• Safe.  While there is no undo for the effects of the script, it still works pretty safe.  Nothing is ever deleted or updated in the database.  Only the new records are added – for posts to appear under the selected category.  Nothing else!


  • Standalone script, not a WordPress plugin.  It is not utilizing any of the WordPress configuration or functionality.  You will have to specify your database credentials by editing the script.  You will also might need to change SQL queries to reflect your WordPress tables prefix.
  • Runs from the command line.  If you don’t have access to or don’t know how to use the command line – tough luck!
  • Code quality.  I wrote this as a very quick and dirty solution to my problem.  It is not intended to be executed frequently.  Neither it is not intended to be executed by someone other than myself.  Yeah, I know, this will probably change, but I don’t care at this stage.

Now, you’ve been warned, so I won’t be holding you off from the source code any longer.

Continue reading “Convert WordPress tag to existing category”

Upcoming content move

Since most of the preparations in the new blog have been finished, it’s time to move the worthy content from the old site and into this database.  As I mentioned before, I don’t want to just copy things over, but edit, update, and fix them a bit.  Because of that, I won’t be moving 4,000+ posts in one go, but rather in large chunks of a few dozens or hundreds at a time.  Posts that will be moved to the new database will be deleted (as in “permanently removed”) from the old site.  I hope my redirections will handle it all properly.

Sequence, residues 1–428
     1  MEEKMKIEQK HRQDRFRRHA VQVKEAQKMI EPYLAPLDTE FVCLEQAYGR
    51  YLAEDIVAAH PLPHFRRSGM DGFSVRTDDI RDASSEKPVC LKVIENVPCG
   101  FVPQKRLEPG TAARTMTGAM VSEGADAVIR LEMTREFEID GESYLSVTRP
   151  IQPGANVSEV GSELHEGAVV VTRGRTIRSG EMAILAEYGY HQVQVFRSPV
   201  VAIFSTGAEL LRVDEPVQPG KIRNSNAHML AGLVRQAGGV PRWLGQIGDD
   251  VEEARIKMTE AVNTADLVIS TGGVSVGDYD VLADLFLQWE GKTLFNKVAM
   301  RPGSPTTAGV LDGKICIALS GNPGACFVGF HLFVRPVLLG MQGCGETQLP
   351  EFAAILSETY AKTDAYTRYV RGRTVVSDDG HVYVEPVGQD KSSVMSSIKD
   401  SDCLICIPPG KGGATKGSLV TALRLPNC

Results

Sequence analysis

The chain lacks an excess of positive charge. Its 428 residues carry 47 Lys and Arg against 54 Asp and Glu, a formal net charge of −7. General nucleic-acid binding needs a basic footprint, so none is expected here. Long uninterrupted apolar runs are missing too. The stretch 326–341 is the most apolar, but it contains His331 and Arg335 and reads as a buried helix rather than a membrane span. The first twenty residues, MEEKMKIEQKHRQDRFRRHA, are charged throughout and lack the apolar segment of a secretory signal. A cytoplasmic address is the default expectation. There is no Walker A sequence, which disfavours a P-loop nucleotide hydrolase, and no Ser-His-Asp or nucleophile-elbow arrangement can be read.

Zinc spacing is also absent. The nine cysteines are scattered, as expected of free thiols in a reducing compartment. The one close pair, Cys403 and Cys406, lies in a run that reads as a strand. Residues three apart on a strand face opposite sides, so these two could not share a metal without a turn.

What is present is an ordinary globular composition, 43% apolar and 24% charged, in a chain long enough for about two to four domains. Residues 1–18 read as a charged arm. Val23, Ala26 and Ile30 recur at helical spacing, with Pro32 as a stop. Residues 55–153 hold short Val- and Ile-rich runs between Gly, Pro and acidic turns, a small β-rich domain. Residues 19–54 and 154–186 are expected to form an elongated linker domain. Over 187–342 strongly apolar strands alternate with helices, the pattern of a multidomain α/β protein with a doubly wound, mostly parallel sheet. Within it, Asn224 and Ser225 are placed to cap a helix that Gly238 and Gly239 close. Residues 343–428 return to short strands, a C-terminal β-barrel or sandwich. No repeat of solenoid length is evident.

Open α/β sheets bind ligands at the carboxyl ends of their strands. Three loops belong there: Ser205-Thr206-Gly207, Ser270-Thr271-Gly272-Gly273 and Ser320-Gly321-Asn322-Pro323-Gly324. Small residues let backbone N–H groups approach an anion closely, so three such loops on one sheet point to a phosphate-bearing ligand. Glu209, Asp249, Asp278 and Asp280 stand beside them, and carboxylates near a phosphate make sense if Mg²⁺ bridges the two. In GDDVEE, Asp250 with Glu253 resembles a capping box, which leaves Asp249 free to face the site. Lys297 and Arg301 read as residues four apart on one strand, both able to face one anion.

Anyway, I am totally ready to do the first chunk of the posts.  These will be my movie reviews.  And I am thinking of moving them during the end of this week (think Thursday, Friday, Saturday, and Sunday).

There are two side effects to these batch moves.

Firstly, the RSS feed will get quite polluted.  So if you can’t handle many posts at once or hate seeing content that you have been through before, then you might want to temporarily unsubscribe from the RSS feed of this site.

Secondly, there is no sane way for me to distribute these posts over dates, so I’ll probably publish them all under the same date or so.

Once the content is moved and re-organized I will have more control over it and will be able to place it better.  If that will be needed or not at all is remained to be seen.

With that I apologize for all inconvenience caused and ask you to bare with me during this bumpy ride.

GMail migration – done

I have finished my migration to GMail process. I have all my email archives uploaded, marked as read, and most of the messages labeled. Of course, as with any migration, there were some rough edges and few messages just didn’t make it through, while a few others were dumped into archives without being properly categorized. But overall I am happy. Those few messages that didn’t get through were probably useless anyway. And categorization is not vital anymore with Google search engine behind the inbox.

GMail usage for 15/08/2006

‘All Mail’ suggests that I have slightly more than 20,000 discussions. In terms of space usage, I am at 42%1156 MB used out of 2754 MB. That’s not too bad. My current new mail rate is not that high, and GMail is constantly increasing the size of the mailbox. I think it’ll be enough. If nothing else, I know how have a lot of stuff that I can delete to clean up some space. Some of the messages date as far back as 1999 – surely there’s something that I won’t even miss.

Quick GMail update

I am doing the biggest email move ever. I am migrating all of my email to GMail. That includes archives, which, in some cases, have threads dating back to 1999. That’s A LOT OF email.

Obviously, my GMail account is a huge mess right now. I’ll try to clear it up as soon as possible, but for the meantime, if I miss an email from you, please, stay with me. I’ll get it al in order ASAP. Note thought, that just the upload process will take around two to three days.

The script I’m using for this process is Mark Lyon’s GMail Loader. I’m usin gthe older .4 version, because I didn’t have enough Python librarires for the GUI. Neither did I need it. The script works like a charm.